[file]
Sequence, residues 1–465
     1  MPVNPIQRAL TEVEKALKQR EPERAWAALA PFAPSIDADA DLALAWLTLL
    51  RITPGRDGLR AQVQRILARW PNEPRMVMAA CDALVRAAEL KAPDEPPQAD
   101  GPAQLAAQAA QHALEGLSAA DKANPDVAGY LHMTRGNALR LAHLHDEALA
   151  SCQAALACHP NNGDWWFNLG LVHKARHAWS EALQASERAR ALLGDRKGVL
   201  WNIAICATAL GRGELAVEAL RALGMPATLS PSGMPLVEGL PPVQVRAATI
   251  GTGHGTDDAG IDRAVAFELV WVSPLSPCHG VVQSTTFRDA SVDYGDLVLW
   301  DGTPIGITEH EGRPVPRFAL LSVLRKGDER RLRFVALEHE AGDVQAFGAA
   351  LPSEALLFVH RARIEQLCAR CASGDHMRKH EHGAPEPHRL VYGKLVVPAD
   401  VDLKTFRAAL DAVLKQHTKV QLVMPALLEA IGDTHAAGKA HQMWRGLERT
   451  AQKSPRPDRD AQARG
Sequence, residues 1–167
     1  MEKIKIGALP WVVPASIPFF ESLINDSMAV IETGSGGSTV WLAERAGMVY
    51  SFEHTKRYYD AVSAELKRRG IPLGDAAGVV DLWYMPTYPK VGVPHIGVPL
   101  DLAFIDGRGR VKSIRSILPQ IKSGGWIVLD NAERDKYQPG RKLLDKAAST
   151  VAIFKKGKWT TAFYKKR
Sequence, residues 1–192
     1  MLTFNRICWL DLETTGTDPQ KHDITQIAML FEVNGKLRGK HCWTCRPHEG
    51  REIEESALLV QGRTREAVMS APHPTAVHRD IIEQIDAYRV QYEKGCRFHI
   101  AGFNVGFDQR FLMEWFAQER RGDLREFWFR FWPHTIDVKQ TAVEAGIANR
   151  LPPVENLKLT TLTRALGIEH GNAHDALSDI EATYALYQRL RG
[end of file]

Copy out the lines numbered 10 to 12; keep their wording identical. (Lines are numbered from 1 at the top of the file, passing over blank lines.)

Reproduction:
   401  VDLKTFRAAL DAVLKQHTKV QLVMPALLEA IGDTHAAGKA HQMWRGLERT
   451  AQKSPRPDRD AQARG
Sequence, residues 1–167